JOLIET – Jim Limacher of Ottawa said he wasn’t quite 5 when he and his family attended a weekend church fun fair.
After spending all his money Saturday, Jim approached his father, William “Bill” Limacher, for more money. Bill gave it to Jim – and made him sign an I.O.U.
“He wasn’t tight about not spending any money,” said Jim, who worked at the First National Bank of Joliet for 40 years, “but he did teach us fiscal responsibility.”
Bill Limacher of Joliet was moderate in all things, said his daughter Susie Parrett of Champaign – except golf and prayer.
“Every night he was on his knees at the end of his bed saying his prayers,” Susie said. Bill also said many rosaries and attended daily Mass.
Only Bill’s faith and loved ones came before golf. Bill taught everyone in his family to play the game, from his wife, Billie, all the way down to his great-grandchildren.
Bob Stephen of Joliet, Bill’s second cousin, said Bill possessed “one of the sweetest swings of the game.” Bill golfed twice a week at the Joliet Country Club. Although Bob said he never could compete with Bill, he always learned something new about golf just from being on the course with him.
The same was true even during conversation.
“Bill loved to discuss politics, sports and anything meaningful,” Bob said. “I would classify him as a legend – very smart, a one-way thinker and one of the kindest men I ever met.”
Billie said she met Bill on a blind date in 1940. When she was modeling in Chicago, Billie said one of her friends suggested she come to Joliet and meet a dentist she knew. Billie recalled saying, “He’s probably a jerk.”
Then Billie met him.
“He was gorgeous,” Billie said. “The next day I sent my mother a picture postcard of Louis Joliet in the library grass and said, ‘I met Bill and I’m going to marry him.’ ”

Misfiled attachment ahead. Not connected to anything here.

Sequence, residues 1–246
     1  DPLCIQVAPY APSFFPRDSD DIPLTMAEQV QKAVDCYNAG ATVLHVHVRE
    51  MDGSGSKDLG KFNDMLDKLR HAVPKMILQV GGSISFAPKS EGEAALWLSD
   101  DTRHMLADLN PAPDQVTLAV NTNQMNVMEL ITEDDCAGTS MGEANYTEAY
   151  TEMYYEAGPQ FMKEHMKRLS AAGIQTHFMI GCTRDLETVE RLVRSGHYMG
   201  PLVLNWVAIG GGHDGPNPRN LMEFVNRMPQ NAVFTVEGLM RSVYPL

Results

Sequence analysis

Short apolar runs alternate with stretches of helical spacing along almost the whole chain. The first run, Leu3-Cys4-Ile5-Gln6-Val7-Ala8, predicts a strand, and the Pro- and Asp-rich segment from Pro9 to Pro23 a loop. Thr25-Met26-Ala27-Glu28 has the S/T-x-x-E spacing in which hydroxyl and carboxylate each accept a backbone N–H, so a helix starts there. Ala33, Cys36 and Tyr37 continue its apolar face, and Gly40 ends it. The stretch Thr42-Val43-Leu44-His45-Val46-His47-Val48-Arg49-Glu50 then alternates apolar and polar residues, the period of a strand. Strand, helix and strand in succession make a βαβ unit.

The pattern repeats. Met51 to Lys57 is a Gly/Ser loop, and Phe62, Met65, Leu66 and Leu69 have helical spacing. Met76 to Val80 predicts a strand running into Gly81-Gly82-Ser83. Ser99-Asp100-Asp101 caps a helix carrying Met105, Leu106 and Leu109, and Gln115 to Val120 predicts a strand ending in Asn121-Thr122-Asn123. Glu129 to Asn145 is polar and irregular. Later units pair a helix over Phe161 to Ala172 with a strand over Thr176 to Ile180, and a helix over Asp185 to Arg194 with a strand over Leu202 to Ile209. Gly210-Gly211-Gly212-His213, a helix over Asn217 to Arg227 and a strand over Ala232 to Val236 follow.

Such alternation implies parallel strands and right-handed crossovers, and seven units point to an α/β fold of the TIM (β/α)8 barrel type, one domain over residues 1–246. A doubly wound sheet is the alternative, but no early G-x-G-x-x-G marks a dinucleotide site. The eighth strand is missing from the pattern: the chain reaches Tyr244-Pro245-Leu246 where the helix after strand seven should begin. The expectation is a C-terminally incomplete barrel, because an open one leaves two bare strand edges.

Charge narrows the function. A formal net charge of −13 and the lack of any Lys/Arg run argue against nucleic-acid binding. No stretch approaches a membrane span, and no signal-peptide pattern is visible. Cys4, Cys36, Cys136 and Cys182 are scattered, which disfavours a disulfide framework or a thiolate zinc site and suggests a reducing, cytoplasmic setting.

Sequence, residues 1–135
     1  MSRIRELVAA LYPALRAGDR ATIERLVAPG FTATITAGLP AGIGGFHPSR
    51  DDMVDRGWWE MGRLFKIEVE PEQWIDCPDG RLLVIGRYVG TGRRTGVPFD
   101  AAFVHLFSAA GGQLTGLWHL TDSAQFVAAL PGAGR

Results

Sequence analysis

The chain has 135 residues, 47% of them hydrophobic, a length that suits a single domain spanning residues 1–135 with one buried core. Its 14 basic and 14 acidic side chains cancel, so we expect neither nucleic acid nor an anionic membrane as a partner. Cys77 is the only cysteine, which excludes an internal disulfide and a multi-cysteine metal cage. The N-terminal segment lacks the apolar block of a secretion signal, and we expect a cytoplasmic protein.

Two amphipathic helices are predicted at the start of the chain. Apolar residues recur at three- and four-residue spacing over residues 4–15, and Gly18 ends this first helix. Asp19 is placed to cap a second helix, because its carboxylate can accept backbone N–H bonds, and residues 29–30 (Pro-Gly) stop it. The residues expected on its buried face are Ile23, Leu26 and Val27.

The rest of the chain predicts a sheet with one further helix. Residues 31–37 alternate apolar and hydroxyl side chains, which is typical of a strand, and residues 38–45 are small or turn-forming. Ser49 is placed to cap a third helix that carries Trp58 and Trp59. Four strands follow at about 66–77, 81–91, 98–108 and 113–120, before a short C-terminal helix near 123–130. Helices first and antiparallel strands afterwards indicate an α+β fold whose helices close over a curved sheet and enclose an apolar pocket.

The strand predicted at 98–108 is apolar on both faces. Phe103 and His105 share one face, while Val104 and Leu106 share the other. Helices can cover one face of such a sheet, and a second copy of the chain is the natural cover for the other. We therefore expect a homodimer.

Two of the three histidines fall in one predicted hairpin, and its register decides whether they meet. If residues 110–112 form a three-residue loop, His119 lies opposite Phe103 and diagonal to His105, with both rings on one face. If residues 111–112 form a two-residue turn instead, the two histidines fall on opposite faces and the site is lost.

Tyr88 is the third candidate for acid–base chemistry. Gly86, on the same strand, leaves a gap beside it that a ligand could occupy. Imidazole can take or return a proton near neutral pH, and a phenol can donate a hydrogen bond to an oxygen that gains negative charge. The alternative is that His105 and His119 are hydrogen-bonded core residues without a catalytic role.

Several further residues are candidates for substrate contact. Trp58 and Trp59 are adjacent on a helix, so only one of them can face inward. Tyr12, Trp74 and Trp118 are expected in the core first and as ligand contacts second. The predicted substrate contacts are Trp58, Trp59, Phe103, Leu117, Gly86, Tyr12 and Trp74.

Billie did, four years later. She and Bill were married nearly 70 years when he died Jan. 4 at age 98.
She said all four of their children did volunteer work because of Bill’s example.
“Not one priest or nun ever paid a dental bill. He took care of all the bishops, too,” she said.
A dentist following in his father’s profession, Billie said her husband was the valedictorian of every school he ever attended: St. Raymond Catholic School, De La Salle High School – despite a bout with scarlet fever – and Loyola dental school, where Bill also received the Blue Key Award for Academic Excellence.
But Billie’s admiration for Bill worked two ways. Their daughter, Terry Dell of Wheaton, said her father never entered or left a room without kissing Billie. Bill knew – and played – just one song on the banjo (“That’s Where My Money Goes”), but he loved to sing, Terry said, and greeted each day with a song.
“He sang to his patients while he worked on them,” Terry said, “and then patted them on the cheek when he said, ‘Goodbye.’ ”
Many people did not know Bill was in pain most of his life due to a slipped disc in his neck, said his son Pat Limacher of Winnetka, pain that practicing dentistry must have exacerbated.
Bill never complained; indeed, Bill was known for his dry sense of humor.
Pat, who has osteoarthritis, recalled one day when he and Bill drove out to a golf course. Both of them struggled to leave the car and uttered a few “Ooohs” and “Ows!” as they did so.
“Then he looked at me and said, ‘You know, with your genes, you’re going to live a long life,’ ” Pat said, “ ‘and be in pain for most of it.’ And he smiled with that damn dry sense of humor.”
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